descants, as too many others did, and made such useful ob
servations and reflections upon it as were pertinent and proper,
which he applied to his hearers with the strongest reasoning,
and utmost force of divine eloquence, becoming the seriousness
and gravity of a Christian orator.
It is a just character which a late learned critic"6 gives him,
and therefore I think it not improper here to transcribe it, for
the encouragement of all young students to read him. ' His
eloquence is popular, and very proper for preaching ; his stylo
is natural, easy, and grave ; he equally avoids negligence and
affectation ; he is neither too plain nor too florid ; he is smooth,
yet not effeminate ; he uses all the figures that are usual to
good orators very properly, without employing false strokes of
wit ; and he never introduces into his discourses any notions
of poets or profane authors ; neither does he divert his audi
tory with jests. His composition is noble, his expressions ele
gant, his method just, and his thoughts sublime ; he speaks
like a good father and a good pastor; he often directs his
words to the people, and expresses them with a tenderness and
charity becoming an holy bishop; he teaches the principal
76 Du Pin, Biblioth. v. 3. p. 34.
(t. 3. p. 38.) Ce pre est un des plus
loquens orateurs Chrtiens, et son
loquence est d'autant plus estima
ble, qu'elle est sans affectation et
sans contrainte. Il a une fertilit
et une abondance de paroles et de
penses qui lui est tout fait natu
relle: quoi qu'il ne se soit pas at
tach, comme Saint Grgoire de
Nazianze et Saint Basile, une pu
ret Attique, il y a nanmoins beau
coup d'lvation et de grandeur dans
son stile. Sa diction est pure et
agrable, son discours est orn d'une
varit admirable de penses et de
figures, il amplifie sa matire par un
nombre infini de tours diffrens; il
est ingnieux trouver des conve
nances, et fertile en exemples et en
comparaisons; son loquence est
populaire et trs-propre la prdi

cation ; son stile est naturel, facile,


et grave; il vite galement et la
ngligence et la trop grande affecta
tion ; il n'est ni trop simple ni trop
fleuri ; il est poli sans tre effmin;
il employe fort propos toutes les
figures dont les bons orateurs ont
cotume de se servir : mais il ne
s'tudie point faire de fausses
pointes, ni faire entrer dans son
discours des penses des potes et
des auteurs prophanes, ni divertir
par des railleries. Sa composition
est noble, ses expressions leves, sa
mthode juste, ses penses sublimes;
il parle en bon pre et en bon pas
teur ; il adresse souvent la parole
son peuple, et lui parle avec une
bont et une charit dignes d'un
saint vque. Il enseigne les prin
cipales verriez du Christianisme avec
une clart admirable ; il divertit par

and its usages.

1S>3

truths of Christianity with a wonderful clearness, and diverts


with a marvellous art, and an agreeable way of ranging his
notions, and persuades by the strength and solidity of his rea
sons. His instructions are easy, his descriptions and relations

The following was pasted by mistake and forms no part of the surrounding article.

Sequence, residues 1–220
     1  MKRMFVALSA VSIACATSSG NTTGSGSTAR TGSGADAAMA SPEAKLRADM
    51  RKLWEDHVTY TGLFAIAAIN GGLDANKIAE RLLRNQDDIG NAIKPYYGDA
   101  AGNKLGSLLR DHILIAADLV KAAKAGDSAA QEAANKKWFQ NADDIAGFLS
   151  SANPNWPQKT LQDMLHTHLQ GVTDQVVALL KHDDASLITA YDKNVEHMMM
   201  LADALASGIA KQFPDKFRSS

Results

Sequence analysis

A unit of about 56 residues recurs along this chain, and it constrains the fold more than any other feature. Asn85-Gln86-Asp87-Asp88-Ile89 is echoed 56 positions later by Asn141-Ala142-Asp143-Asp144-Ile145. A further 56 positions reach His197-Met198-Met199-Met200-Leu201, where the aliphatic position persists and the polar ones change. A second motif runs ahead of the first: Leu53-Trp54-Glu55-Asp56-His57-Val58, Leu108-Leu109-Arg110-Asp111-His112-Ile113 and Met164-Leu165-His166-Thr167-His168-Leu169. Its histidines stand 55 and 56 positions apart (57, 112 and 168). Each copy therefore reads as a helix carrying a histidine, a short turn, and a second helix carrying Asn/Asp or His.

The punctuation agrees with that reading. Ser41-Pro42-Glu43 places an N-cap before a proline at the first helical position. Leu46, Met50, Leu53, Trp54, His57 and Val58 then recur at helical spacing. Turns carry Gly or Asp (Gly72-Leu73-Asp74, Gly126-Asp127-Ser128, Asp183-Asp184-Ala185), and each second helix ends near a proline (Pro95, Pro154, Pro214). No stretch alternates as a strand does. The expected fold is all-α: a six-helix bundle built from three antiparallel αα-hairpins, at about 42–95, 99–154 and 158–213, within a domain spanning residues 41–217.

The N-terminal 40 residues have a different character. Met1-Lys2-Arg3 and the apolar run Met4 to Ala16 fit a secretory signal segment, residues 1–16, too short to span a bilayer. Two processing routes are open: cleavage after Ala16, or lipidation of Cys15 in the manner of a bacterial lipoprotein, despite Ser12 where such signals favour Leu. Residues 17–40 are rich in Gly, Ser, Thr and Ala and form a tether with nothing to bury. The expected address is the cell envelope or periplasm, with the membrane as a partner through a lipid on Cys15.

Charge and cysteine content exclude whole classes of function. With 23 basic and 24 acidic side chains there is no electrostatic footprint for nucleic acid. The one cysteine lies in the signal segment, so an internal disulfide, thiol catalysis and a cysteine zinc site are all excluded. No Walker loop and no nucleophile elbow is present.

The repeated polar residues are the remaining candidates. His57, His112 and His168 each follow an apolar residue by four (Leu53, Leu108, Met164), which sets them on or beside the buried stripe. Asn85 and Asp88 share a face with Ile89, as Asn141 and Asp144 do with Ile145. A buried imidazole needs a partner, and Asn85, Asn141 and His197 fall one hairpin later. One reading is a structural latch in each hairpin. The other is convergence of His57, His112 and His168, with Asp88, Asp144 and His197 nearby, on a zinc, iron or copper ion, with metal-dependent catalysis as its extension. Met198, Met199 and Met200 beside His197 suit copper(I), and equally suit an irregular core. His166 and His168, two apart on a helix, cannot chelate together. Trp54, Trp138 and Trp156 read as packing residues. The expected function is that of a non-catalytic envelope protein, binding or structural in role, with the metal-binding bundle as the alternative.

pleasant. His inducements so meek and insinuating, that ono
is pleased to be so persuaded. His discourses, how long soever,
are not tedious, there are still some new things that keep the
reader awake, and yet he hath no false beauties nor useless
figures ; his only aim is to convert his auditors, or to instruct
them in necessary truths. He neglects all reflections that have
more of subtilty than profit ; he never busies himself to resolve
hard questions, nor to give mystical senses, to make a show of
lus wit or eloquence ; he searches not into mysteries, neither
endeavours to comprehend them ; he is contented to propose,
after an easy way, palpable and sensible truths, which none
can be ignorant of without danger of failing of salvation. He
particularly applies himself to moral heads, and very seldom
handleth speculative truths ; he affects not to appear learned,
and never boasts of his erudition : and yet, whatever the sub
ject be, ho speaks with terms so strong, so proper, and so well
chosen, that one may easily perceive he had a profound know
ledge of all sorts of matters, and particularly of true divinity.'
This is the character which that judicious critic gives that
famous and eloquent preacher : and he that will diligently
l'artifice merveilleux et la disposi
tion agrable de ses penses, et il
persuade par la force et par la soli
dit de ses raisonnemens. Ses in
structions sont faciles, ses descrip
tions et ses narrations agrables, ses
mouvemens si doux et si insinuant),
que l'on prend plaisir se laisser
persuader. Ses discours, quelques
longs qu'ils soient, n'ennuyent ja
mais, on y trouve toujours de nou
veaux agrmens qui rveillent l'esprit
du lecteur. Il n'a point nanmoins
de faux brillant, ni de figures inu
tiles; son unique but est de con
vertir ses auditeurs, ou de les in
struire des veritez qui leur sont n
cessaires. Il nglige toutes les r
flexions qui ont plus de subtilit
que d'utilit; il ne s'engage point
rsoudre des questions difficiles,

ni donner des sens mystiques pour


faire montre de son esprit et de son
loquence ; il n'approfondit point
les mystres, et ne s efforce point de
les pntrer : il se contente de pro
poser d'une manire aise des veri
tez palpables et sensibles, qu'on ne
peut ignorer sans courir risque de
son salut. Il s'attache particulire
ment aux points de morale; il est
rare qu'il s'arrte considrer des
veritez spculatives; il n'affecte point
de parotre savant, il ne fait point
valoir son rudition : et cependant
de quelque chose qu'il parle, il en
parle en des termes si forts, si pro
pres, et si choisis, qu'il est aise de
voir qu'il a une rudition consom
me dans toutes sortes de matires,
mais principalement dans la vri
table thologie.

124

Of preaching

XIV. iv.

peruse his homilies, especially those of his first and fifth vo